By Dina Evan, Ph.D I never realized I led such a sheltered life, because I worked my whole life raising kids and teaching. But I had a wake-up call...
By Dina Evan, Ph.D
I never realized I led such a sheltered life, because I worked my whole life raising kids and teaching. But I had a wake-up call one morning watching “The View.” They had on an amazing author, Ben Sherwood, who wrote, The Survivor’s Club, and recently released, The Survivor’s Club, The Pandemic.
I had no idea this pandemic was not only expected, but we had experienced many in our history as human beings. Sherwood discovered there was pattern to how we all react in dire circumstances.
We do one of three things
His perspective is ten percent of us jump in immediately to offer and give support. Fifty percent of us hang out and wait until it’s over — or someone else fixes it, and the last ten percent do nothing. Which are you?
That knocked me back about three feet. I suddenly realized that’s exactly what we do in every life circumstance and challenge. I wondered what is it in our DNA or genes that makes those decisions and can we change it?
Every day we are threatened with news about war, toxins, medical issues, tragic events and scary statistics. We worry about how in the hell we could survive any of it. Life at times feels like one big alligator pit we must run through. And, when you get to be my age, you’d really rather just sit on the side of a pool and dangle your feet.
However, we don’t get to do that in life because challenges will come along and push us into the deep end. So what are we to do?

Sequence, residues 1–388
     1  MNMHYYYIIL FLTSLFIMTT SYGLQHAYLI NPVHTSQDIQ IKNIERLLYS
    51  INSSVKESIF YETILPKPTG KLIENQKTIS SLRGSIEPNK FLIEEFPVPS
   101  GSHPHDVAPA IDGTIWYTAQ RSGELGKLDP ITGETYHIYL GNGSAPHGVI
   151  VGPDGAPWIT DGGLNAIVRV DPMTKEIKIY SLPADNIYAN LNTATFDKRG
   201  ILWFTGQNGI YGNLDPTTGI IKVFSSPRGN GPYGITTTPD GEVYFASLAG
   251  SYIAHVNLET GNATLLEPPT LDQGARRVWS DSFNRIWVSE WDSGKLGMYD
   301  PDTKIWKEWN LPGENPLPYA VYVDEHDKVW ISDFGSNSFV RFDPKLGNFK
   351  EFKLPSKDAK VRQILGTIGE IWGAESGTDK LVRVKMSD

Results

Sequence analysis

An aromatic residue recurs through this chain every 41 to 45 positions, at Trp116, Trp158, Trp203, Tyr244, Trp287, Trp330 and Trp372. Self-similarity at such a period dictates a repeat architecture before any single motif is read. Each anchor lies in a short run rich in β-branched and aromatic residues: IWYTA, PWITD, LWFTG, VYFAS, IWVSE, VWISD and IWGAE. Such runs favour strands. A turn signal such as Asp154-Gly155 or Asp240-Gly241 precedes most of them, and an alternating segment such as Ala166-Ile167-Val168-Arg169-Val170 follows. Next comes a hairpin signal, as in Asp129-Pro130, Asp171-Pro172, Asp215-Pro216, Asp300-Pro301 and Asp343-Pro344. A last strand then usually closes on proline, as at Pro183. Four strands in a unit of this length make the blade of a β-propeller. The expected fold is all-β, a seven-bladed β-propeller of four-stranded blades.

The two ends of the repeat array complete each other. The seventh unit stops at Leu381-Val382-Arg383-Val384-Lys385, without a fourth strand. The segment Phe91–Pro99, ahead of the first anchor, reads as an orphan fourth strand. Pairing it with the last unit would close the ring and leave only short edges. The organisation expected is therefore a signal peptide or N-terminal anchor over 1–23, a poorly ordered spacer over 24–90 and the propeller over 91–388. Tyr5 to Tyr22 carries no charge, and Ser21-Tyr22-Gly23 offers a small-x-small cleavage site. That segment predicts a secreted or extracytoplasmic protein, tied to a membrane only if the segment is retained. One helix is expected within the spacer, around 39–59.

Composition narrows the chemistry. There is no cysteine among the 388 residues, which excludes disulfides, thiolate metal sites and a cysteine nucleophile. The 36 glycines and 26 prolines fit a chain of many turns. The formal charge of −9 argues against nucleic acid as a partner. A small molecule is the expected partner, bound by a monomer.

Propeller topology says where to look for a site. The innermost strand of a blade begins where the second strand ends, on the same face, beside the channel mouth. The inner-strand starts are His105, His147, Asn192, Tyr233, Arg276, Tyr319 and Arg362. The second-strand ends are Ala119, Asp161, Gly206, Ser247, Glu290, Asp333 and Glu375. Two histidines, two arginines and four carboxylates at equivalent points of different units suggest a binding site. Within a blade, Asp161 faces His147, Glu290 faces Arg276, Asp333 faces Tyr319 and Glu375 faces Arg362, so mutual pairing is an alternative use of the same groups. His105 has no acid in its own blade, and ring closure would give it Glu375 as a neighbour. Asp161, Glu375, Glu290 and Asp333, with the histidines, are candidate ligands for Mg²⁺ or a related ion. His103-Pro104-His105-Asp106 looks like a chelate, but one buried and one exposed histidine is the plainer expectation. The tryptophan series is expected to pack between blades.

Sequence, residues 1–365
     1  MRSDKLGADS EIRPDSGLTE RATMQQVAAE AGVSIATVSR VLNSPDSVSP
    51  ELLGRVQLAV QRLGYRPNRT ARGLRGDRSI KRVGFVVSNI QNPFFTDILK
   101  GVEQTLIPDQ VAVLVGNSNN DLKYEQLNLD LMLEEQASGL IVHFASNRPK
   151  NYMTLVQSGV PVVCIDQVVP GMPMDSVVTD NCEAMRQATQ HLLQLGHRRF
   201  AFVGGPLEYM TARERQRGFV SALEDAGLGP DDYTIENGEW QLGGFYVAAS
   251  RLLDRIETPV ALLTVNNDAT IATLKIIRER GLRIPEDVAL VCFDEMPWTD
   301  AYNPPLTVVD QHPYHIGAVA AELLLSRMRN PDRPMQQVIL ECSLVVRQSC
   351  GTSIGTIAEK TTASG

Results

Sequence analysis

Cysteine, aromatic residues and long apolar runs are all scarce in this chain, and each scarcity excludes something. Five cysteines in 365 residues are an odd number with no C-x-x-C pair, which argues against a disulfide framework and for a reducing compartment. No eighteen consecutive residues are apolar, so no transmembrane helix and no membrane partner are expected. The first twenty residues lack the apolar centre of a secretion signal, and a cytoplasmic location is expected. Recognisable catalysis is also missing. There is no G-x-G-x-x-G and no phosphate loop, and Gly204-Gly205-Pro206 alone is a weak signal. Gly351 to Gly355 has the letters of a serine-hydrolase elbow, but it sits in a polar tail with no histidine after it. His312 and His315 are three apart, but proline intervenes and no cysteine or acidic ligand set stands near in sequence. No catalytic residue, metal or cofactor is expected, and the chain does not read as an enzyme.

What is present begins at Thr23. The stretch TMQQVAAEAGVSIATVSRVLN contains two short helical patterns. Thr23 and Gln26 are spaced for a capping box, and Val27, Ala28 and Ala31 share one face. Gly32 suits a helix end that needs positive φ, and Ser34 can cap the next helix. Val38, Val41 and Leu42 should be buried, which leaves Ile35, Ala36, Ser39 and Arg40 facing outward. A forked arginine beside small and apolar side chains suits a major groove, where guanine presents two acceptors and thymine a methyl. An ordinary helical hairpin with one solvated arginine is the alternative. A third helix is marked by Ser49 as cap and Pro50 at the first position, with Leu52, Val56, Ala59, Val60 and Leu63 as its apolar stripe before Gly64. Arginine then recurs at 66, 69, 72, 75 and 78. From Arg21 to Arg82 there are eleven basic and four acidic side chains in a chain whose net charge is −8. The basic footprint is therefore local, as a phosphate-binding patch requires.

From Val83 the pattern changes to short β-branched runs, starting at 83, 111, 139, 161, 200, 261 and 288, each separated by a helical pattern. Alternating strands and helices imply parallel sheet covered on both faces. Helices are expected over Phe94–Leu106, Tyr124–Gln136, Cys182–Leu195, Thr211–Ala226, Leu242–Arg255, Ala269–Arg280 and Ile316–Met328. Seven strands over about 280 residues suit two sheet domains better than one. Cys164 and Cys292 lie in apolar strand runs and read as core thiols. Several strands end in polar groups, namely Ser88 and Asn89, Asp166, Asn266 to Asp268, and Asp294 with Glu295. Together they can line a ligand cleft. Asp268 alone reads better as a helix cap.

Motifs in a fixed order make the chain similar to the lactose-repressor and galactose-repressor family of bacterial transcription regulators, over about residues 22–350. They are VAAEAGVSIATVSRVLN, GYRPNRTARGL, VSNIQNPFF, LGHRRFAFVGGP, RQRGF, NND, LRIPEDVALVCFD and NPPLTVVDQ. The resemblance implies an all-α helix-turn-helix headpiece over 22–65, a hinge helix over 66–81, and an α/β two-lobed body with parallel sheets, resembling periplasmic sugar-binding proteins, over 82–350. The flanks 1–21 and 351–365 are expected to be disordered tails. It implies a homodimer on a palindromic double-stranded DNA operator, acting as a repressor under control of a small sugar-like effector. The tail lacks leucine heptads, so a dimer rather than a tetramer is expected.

I think we need to get a tool bag because the more tools you have the more willingness you’ll have to jump in and fight for change. Let’s see what we want in that bag.
One thing I talked about last month is a change, this time I am talking about change in perspective. Ask yourself whether you have survived other challenges and made it. Did the fear kill you, and by the way, if you can answer that it didn’t.
Give it a minute. Things seem less overwhelming if you step back and put them into perspective. Like now. Can we survive if we don’t go to the movies or flock to the park and sit on top of each other?
Break it down it. What small steps can you take in the moment to give you a sense of power to not be overwhelmed?
What friends, family members and support do you have in your life to pow-wow with and come up with suggestions to maintain your sanity. Set up your network.
I know you have heard me say this before, ask what the circumstance or challenge is here to teach you. (my best tool.)
Recall a time when you went through a difficult challenge and pull up some of those skills.
Einstein said “In the middle of difficulty lies opportunity.” What have you been wanting to do that you could not do before, but can now? What great thing are you about to discover within or about yourself?
One of the attributes of resilient people is they do not get completely paralyzed by lifes obstacles.
Remember “Only those who dare to fail greatly can ever achieve greatly.”—Robert Kennedy
Remember that courage is only developed in the face of challenge or fear, and fear is more often than not, just a feeling rather than a fact.
I certainly don’t want to minimize the loss right now. The courage of our caregivers is evidence there is a big 10% who jump in to help. To all the first responders and caregivers deserve thanks.
Most of all, once you determine which 10% you’re in, congratulate yourself if you are in the jump in group. Ask yourself what you’re waiting for if you are in the hang out group or in the do-nothing group. The reason you need to ask yourself this is because it’s not about what’s happening out there that is important. It’s about what’s happening in here, to our soul, our integrity and our character. After all, that is what matters most.
Dr. Evan is a Marriage, family, child therapist and consciousness counselor. She has presented nationwide seminars and workshops, written several books and created meditation CDs for couples, individual and mental health professionals. She has also won national acclaim as a human rights advocate. Visit www.drdinaevan.com or call 602 571-8228.